The temporary interruption of blood flow to tissue is a necessary step in many surgical procedures, such as cardiac surgery and organ preservation or transplantation, in order to prevent blood loss and to facilitate surgery. Blood vessels can also become blocked during disease events, such as myocardial infarction, thrombotic stroke, embolic vascular occlusions, angina pectoris, and peripheral vascular insufficiency. The lack of blood supply under these circumstances results in ischemia, which is reversed upon reperfusion of the ischemic tissue with blood or another oxygen-carrying solution. While this readmission of oxygen is critical for the continued function of the tissue, it is generally accepted that the newly introduced oxygen contributes to the formation of oxygen-derived free radicals that cause tissue damage. One mechanism by which introduced oxygen is made toxic is by conversion to superoxide by xanthine oxidase. Levels of this enzyme can become increased during the ischemic period. Simultaneously, levels of reducing, detoxifying agents, such as glutathione, are depleted. Tissue damage occuring as a result of these events is known as reperfusion injury, and is known to occur during reperfusion with blood and is anticipated under some circumstances with the use of blood substitutes.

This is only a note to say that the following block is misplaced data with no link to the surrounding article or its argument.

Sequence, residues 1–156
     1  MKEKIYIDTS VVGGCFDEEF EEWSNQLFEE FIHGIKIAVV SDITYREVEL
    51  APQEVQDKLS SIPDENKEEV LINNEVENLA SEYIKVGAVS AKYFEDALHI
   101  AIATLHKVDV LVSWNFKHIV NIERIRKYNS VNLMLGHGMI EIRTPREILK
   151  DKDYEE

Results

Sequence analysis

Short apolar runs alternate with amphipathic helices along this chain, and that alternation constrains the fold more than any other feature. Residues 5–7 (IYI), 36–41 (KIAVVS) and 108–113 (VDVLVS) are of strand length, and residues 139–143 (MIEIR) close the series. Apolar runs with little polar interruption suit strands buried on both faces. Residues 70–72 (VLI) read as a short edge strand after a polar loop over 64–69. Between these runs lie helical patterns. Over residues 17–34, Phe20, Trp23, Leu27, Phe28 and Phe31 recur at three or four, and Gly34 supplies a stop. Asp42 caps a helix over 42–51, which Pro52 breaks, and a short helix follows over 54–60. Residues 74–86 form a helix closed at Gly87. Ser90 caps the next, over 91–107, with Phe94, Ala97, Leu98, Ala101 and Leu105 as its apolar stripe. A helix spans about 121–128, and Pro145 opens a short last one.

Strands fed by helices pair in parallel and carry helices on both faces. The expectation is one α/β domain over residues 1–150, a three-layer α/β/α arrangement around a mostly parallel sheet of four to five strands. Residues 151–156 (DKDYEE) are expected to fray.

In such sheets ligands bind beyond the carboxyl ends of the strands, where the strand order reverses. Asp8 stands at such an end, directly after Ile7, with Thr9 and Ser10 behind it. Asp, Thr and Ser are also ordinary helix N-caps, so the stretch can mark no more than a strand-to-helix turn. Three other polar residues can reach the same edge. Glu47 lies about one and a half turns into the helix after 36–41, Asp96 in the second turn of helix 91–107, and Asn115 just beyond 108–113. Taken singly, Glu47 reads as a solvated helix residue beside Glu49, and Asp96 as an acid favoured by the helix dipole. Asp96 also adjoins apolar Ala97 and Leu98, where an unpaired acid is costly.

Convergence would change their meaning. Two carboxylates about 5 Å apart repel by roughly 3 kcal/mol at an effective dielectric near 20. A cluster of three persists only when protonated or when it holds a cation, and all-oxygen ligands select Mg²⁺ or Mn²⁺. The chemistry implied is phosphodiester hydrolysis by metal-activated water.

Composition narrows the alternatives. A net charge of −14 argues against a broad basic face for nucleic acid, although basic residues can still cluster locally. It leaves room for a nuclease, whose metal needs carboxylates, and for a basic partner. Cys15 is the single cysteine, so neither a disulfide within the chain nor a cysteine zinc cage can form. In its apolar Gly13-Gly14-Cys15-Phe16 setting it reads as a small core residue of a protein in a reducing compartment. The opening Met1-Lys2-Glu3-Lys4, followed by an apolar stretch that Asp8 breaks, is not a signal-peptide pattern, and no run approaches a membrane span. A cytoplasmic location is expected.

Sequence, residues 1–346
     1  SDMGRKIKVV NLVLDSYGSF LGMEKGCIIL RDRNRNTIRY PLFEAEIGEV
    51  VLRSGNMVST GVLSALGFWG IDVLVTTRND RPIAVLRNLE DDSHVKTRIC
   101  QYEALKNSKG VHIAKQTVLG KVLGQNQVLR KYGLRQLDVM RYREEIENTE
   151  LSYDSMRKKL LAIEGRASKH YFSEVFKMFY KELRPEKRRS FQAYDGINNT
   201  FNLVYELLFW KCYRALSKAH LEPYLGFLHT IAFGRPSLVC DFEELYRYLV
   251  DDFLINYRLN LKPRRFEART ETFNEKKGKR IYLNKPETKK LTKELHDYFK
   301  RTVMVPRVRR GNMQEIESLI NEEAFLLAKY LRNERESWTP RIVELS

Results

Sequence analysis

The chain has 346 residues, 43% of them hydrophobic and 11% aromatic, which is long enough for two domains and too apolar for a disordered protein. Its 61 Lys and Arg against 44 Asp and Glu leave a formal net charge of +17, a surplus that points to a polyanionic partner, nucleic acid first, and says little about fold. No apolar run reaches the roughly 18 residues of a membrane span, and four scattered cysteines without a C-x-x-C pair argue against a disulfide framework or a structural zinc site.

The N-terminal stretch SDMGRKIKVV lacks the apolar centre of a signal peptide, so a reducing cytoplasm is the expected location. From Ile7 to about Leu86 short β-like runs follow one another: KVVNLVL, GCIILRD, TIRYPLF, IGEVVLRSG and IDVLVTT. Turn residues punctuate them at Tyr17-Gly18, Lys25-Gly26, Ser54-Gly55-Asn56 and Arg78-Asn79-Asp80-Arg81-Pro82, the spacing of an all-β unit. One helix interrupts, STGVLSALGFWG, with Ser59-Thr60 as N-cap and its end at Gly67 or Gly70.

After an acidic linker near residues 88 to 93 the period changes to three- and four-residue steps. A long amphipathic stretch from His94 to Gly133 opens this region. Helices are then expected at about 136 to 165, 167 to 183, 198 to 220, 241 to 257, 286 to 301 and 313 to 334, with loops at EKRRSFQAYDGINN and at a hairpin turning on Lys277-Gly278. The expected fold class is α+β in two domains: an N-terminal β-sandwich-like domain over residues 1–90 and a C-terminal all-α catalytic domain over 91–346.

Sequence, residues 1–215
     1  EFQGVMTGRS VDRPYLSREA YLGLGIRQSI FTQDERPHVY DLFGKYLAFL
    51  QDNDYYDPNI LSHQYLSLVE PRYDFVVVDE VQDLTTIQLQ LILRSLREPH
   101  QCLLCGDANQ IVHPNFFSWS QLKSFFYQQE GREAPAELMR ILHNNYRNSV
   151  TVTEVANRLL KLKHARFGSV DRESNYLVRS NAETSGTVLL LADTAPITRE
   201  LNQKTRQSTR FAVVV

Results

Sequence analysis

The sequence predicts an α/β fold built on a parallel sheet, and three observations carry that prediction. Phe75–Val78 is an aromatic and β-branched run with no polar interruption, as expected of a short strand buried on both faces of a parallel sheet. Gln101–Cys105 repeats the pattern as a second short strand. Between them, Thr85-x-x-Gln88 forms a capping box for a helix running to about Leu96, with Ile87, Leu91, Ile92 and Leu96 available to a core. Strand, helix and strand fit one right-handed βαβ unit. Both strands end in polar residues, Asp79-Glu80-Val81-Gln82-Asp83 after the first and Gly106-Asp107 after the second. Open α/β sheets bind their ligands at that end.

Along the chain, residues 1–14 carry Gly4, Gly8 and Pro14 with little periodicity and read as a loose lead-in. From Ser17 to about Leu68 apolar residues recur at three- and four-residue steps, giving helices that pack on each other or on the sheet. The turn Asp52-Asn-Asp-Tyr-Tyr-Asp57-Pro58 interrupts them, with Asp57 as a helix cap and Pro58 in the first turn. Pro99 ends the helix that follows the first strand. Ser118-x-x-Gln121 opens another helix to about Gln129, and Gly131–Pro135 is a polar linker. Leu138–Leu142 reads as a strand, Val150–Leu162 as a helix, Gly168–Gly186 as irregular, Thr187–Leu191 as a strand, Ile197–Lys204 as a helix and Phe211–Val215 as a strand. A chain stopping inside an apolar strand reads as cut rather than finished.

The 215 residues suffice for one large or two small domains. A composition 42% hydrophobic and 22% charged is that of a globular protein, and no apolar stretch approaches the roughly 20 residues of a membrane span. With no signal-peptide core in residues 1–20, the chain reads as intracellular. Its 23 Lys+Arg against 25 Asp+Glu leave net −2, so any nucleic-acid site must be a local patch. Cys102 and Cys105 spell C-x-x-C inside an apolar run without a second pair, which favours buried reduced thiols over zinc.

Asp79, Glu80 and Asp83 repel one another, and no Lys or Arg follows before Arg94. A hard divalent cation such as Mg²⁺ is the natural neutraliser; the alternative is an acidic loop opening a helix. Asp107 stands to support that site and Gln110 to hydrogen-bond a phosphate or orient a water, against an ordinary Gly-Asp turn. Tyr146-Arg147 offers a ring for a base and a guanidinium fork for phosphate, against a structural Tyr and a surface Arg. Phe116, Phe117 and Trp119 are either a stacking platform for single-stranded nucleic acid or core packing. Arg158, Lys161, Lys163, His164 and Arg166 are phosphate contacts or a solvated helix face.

One class of blood substitutes, the hemoglobin-based oxygen carriers (HBOCs), are comprised of chemically modified acellular hemoglobin. Acellular hemoglobin presents an additional source of potentially damaging reactive oxygen species. Hemoglobin in blood is normally contained within the red blood cells of the blood, in which it circulates through the body to fulfil its oxygen-transporting function. Hemoglobin in the red cells binds oxygen as the blood circulates through the lungs, delivers the oxygen to the body tissues and releases it there, for normal metabolic functions. The chemical behavior of hemoglobin in blood is constrained by its presence in the red cells, which also contain many other components such as enzymes which influence the chemical behavior of hemoglobin therein. When hemoglobin is extracted from red cells and purified ready for use as an acellular oxygen-transporter in blood substitute applications, the chemical influence on the hemoglobin of the other red cell components, and vice versa, is lost.